Are there any memories from Sonny Terry, Junior Wells and Pinetop Perkins which you’d like to share with us?
Sonny gave me a direct encouragement, after one of his gig in a beautiful theater, a Bugle Call harp in E! I was introduced to him by a photographer and a friend, a Chicago born harp player who lives in Italy. So he ask me to play something from his repertoire…and he liked it! At that moment I was searching an A harp, So I asked him that key – I was nervous …with my bad English, I was only 21 and normally you only say thanks!!! But he was so kind and he gave me anyway the key that I asked for after funny misunderstandings for pronounce!! I still have it with me and it’s still sounding good! (1980/81)
Junior Wells, after a show I opened for him, he wanted me to play a tune together, before his start. He said he liked my way of playin’ and “now you play the harp and I sing only”…Brrr I was nervous again, because I was searchin’ someone to take a picture of us together, but no one was around, I mean so close to us and I forget to ask later in the audience!!! No internet or FB at that time 1995! After his concert I showed him a signature he did for me after a gig he had in Milan sixteen years before. I can’t forget his smile…and comment, with a pen to the first signature and dedication: “To my best friend, love you”. It’s at home!!!
Pinetop, I was introduced to him by a sound technician, who knew me from the past editions I had played there, during a Blues Festival in Switzerland. So I was invited to play – lucky me! - and soon I was afraid that he would have said CIAO after the first song, but he liked my harp and asked me to stay for at least six or seven more songs. You can imagine how much it helps! The kind of things that I call “inner medal”, you don’t have to wear it every minute, but you know it really happened.
If you could change one thing in the musical world and it would become a reality, what would that be?
"People can’t leave without water, food, light. Blues it’s a so radical need that everyone has it inside, his own way, whether they recognize it or not, look /listen at it or not." (Photo by Luca Barovier)
Make an account of the case of the blues in Italy. Which is the most interesting period in local blues scene?
Every time of the year you have something, of course more open air festivals in spring-summer, and clubs/pubs in autumn winter. I think quite the same as everywhere else. In quantity, not in quality. Maybe I’m too critic, but the problem is that we have many potential places to play, but not that much culture on how to do it, and most of the owners are not really blues fans, they just try to sell more beer… so you feel this difference once in the club !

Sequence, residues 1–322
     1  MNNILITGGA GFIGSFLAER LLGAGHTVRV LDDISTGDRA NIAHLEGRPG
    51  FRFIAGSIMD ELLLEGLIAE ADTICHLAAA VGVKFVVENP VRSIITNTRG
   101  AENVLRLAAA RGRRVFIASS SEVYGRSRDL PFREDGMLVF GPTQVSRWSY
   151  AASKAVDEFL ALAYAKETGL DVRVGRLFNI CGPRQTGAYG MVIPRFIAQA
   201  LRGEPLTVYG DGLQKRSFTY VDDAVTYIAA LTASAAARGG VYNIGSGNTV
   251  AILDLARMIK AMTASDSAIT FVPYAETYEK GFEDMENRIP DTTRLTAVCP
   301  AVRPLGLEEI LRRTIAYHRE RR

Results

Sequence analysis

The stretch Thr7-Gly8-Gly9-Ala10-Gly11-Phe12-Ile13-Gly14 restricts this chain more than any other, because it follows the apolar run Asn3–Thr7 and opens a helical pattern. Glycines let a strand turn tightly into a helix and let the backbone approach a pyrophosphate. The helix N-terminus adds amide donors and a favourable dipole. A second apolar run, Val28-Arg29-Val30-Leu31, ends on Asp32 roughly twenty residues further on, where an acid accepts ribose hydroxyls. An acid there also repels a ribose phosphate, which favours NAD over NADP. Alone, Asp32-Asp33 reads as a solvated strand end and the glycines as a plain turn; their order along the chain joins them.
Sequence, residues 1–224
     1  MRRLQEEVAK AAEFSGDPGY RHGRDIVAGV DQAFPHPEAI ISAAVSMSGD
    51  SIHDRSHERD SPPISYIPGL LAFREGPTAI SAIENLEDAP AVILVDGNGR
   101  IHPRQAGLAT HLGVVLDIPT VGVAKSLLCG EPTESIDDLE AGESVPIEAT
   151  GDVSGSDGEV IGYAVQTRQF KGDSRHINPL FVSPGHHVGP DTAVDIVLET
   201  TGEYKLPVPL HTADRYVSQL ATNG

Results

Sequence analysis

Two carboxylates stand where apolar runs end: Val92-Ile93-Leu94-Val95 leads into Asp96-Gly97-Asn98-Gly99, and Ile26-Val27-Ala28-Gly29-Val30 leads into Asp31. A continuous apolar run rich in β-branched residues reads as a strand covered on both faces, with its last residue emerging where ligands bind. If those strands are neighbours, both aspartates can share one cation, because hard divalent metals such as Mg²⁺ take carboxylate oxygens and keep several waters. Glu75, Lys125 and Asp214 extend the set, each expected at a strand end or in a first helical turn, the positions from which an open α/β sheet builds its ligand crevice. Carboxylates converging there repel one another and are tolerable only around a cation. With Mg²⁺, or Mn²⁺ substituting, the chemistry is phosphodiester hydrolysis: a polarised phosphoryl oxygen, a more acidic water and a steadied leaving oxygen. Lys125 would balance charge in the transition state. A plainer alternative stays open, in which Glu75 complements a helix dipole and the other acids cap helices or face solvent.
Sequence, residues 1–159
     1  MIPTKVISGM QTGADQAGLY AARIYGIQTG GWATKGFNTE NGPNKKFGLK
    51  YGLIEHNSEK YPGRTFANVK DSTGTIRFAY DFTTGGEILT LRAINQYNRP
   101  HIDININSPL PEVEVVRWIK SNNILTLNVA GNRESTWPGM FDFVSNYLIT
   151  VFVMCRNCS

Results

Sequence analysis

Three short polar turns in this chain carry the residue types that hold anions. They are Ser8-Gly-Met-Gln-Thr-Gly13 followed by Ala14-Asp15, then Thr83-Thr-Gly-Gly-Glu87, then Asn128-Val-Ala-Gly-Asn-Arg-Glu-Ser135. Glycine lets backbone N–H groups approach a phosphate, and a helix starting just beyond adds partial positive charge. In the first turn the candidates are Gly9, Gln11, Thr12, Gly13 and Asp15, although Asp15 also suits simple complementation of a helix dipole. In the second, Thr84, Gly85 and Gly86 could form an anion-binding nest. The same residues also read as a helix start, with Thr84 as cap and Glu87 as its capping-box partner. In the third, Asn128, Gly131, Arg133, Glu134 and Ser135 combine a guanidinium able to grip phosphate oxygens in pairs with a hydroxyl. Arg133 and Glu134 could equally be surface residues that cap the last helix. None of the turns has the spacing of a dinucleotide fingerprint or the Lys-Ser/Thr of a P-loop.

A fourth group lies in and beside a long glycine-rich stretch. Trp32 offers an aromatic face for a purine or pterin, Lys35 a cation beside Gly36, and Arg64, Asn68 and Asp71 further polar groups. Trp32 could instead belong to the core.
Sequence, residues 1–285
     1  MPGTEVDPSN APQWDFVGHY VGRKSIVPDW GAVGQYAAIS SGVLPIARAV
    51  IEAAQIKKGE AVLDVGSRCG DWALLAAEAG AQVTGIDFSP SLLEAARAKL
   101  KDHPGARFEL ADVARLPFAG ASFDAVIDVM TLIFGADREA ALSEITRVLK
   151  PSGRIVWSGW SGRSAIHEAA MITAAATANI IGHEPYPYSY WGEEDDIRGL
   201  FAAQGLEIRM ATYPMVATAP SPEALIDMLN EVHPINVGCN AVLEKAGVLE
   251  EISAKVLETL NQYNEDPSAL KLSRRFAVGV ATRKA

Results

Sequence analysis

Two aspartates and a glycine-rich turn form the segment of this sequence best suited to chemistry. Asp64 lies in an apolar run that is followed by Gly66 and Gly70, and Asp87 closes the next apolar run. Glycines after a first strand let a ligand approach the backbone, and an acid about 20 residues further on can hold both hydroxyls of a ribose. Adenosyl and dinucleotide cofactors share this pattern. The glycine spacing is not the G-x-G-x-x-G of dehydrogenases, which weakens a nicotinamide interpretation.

What are the lines that connect the legacy of Blues from United States and UK to Italy?
We have few people here in Northern Italy, connected with good U.S.A. artists and they managed, until now, to bring them in Italy for tours, - less from UK, I really don’t know - USA artists generally like a lot comin’ to Italy for many reasons, they are appreciated, -both black and white young or old - sometime overestimated -and we have plenty of fine blues musicians here that they ask for comin’ there with them. So sometimes we meet each other, have contacts, open gigs ... Unfortunately, a lot from the old school are dying now!
What has made you laugh lately and what touched (emotionally) you from the local music circuits?
Every night you see flyers or advertising with Blues Bands, then you come for a visit, ‘cause you’re curious to find a new talented young guitar, bass, drums and piano player, but once in the club they play something that has really nothing to do with THE BLUES!
Do you know why the sound of harmonica is connected to the blues? What are the secrets of Mississippi Sax? Photo by Cristina Molteni
Secrets are many! Because it’s another VOICE, another expression, for your inner condition, but its music and it doesn’t need words. To me, harmonica is the most connected to life musical instrument, ‘cause it’s the only one that makes a sound whether you breath in or out! I wrote it on my first cd: the more I breathe, the more I feel alive. Breathing is life. It’s the first thing we do, once out in the world. We express everything through it. So everytime I play it “remember” me deep inside my cells I’m alive, it makes me happy, conscious and grateful. The harmonica is QUITE easy, simple to carry and produces a lot of healthy harmonic sound that help the balance in everyone. When I say quite easy I mean you learn 1 to 5 in just one year –in a scale of ten - 5 to 7 in in ten years, 7 to 10 is a never ending story!!! And if u like secrets in life you must play Mississippi saxophone!
Let’s take a trip with a time machine, so where and why would you really wanna go for a whole day..?
I really can say a special one….Any juke joint down in any place of the rural south in the U.S.A., in the late forties and every Blues club in Chicago, east-west side, in Maxwell street, in Memphis, or Atlanta in the late fifties to breath the atmosphere of the time and take the opportunity to play and learn directly from the greatest men in the blues.